“It’s kind of a cute little car,” says Vern Holzman, running his hands over the curvaceous sheet metal of a bright red 1949 Austin sedan. “You can’t find one flat spot anywhere on it.”
He turned the English-built Austin into a wickedly quick quarter-mile drag car more than a half century ago, swapping out the puny 4-cylinder engine for a supercharged Chevy smallblock V-8 mated to a 4-speed racing transmission. The car was a handful to drive, he recalls.
“It went all over the place when I drove it. At the starting line, I would line up at an angle. It would lift the front end off the ground and when it came down, I would be going straight,” he grinned. “It would lift the wheels in every gear.”
Vern Holzman has a long and storied history in drag racing and race car building, pioneering straight-line racing innovations as the founder of Holzman Race Cars. His knowledge and skills have been passed down to second and third generations who now operate the business on Greenwich Road.
And with his wife, Toni, at his side, the 87-year-old Holzman still looks forward to race weekends with his family.
“It keeps us out of trouble,” says grandson Chad Holzman, who now handles driving duties on the original Austin drag car. Brother Jimmy Holzman drives another red Austin sedan and the great-grandchildren compete in the Junior Dragster division.
“There could be as many as eight of us out there at one time, in rotation, we have so many cars,” Chad notes.
It all traces directly back to his grandad, he says.
“He’s forgot more stuff than I’ll ever know.”
And Vern Holzman has held onto many of his race cars, with a pair of bright red ’57 Chevy post cars and a supercharged ’55 Chevy sedan in his personal shop. There’s also a ’57 Ford Thunderbird convertible he restored, parked alongside a recreation of a maroon-and-black ’36 Ford coupe like the one Vern drove in high school.
The elder Holzman said he began racing when he was 17, often along Greenwich Road, which was a lightly traveled route 70 years ago. He and his wife built their home and business near the intersection of that street and Kellogg. They later moved the whole operation, house and two good-sized metal buildings to their current location after they sold the first property.
The first Austin, originally built in gasser style, has evolved over the years into what is known as a “bracket racer.” The objective there is to dial in the elapsed time you believe the car will record, and then try to outrun your opponent to the finish line without going quicker than the elapsed time you dialed in.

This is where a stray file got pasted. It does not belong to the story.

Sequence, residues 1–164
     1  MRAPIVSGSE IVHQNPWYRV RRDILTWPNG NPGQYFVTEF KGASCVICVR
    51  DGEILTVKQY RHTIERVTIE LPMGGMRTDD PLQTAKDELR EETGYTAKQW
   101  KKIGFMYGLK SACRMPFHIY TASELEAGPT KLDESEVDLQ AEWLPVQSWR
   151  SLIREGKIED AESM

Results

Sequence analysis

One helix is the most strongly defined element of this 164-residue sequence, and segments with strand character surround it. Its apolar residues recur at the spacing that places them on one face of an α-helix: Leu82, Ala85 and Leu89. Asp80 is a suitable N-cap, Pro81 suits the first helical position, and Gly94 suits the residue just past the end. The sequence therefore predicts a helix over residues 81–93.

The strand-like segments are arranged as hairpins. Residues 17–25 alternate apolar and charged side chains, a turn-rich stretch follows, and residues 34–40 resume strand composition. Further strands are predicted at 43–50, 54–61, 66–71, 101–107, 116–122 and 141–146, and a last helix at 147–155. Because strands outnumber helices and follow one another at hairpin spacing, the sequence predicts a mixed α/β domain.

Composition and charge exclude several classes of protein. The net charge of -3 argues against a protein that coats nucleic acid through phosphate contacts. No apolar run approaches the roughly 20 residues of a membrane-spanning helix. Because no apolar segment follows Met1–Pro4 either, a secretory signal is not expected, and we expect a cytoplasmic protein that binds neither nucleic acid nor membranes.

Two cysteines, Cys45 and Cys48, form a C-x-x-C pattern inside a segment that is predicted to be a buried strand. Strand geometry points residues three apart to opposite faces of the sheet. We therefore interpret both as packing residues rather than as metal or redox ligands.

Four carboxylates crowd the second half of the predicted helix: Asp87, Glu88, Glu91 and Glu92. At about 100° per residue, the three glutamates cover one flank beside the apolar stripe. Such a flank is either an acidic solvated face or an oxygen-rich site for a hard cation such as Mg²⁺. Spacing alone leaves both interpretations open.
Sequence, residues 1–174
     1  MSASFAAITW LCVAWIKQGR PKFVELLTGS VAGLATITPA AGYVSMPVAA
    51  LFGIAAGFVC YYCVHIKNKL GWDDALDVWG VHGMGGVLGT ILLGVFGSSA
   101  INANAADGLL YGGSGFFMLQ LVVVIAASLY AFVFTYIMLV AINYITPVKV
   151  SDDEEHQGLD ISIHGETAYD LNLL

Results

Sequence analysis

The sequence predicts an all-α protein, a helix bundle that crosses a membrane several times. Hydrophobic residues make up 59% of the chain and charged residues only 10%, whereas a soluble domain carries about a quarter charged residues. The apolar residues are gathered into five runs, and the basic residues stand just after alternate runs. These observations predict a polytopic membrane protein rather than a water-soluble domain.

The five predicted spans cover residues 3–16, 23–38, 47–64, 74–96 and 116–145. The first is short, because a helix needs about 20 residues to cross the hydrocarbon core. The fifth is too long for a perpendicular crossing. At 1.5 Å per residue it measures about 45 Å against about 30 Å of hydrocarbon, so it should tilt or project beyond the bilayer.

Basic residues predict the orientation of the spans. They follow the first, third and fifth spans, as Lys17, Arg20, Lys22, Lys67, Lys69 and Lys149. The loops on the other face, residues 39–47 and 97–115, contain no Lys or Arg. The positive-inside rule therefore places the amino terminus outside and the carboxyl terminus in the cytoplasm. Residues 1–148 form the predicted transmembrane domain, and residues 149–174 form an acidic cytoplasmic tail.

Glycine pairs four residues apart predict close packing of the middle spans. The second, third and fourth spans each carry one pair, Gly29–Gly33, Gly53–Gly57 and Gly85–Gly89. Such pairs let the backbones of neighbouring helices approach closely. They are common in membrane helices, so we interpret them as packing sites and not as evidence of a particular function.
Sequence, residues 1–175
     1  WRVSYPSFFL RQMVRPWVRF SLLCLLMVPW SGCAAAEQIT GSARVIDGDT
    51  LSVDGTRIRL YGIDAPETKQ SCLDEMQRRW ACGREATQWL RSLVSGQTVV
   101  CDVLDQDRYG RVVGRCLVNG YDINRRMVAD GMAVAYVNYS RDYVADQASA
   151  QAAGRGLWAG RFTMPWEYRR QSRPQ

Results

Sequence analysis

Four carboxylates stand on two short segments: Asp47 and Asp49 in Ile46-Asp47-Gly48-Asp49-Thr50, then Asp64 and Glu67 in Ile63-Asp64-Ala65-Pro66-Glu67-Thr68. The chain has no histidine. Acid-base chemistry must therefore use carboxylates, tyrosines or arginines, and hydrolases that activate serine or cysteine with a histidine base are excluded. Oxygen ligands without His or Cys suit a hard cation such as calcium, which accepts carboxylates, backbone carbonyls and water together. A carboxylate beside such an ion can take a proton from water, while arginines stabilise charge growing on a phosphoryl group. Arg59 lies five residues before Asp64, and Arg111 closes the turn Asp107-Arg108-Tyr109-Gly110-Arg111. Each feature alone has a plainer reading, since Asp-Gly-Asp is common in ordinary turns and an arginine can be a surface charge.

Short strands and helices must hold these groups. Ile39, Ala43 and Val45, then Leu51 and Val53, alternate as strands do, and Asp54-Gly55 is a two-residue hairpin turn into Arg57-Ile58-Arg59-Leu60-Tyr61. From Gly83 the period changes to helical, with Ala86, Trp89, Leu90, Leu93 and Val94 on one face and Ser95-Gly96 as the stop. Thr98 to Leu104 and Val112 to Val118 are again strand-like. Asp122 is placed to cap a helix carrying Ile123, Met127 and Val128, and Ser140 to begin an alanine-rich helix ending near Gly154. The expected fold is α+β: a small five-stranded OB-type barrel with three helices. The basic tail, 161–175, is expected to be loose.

The supercharged engine has been transplanted to the other Austin, replaced by a 400 cubic inch smallblock Chevy V-8 fed alcohol racing fuel by a “Ron’s Flying Toilet” fuel injection system. Sending power to the 13-inch wide Hoosier racing slicks is a 2-speed PowerGlide racing transmission equipped with a Neal Chance stall converter.
But Chad only uses high gear in the setup, as the car tends to get unpredictable if launched in low gear. The engine will wind up to 7,500 rpm by the end of a run, thanks to the 4.88 gears inside the narrowed 9-inch Ford rear end. The Austin typically makes it from one end of the quarter mile to the other in about 9.50 seconds at 145 mph.
“The car is very consistent,” says Chad. “If I do my job, it can win.”
Vern Holzman points out that when he drove the car, it could top 150 mph, and that was when it still rode on the original frame, with drum brakes. The body is now lowered over a square-tubing racing frame with 4-wheel disc brakes.
“When I drove it, it was 17 inches taller … it was nice to work on. You could almost walk under it,” Vern joked.
With 70 years of racing experience to his credit, Vern Holzman can now leave the driving to the younger generations, while still enjoying his own racing memories with a group of buddies who join him every week for a coffee/gab session in his shop, surrounded by some of the cars that made those memories possible.
Mike Berry: firstname.lastname@example.org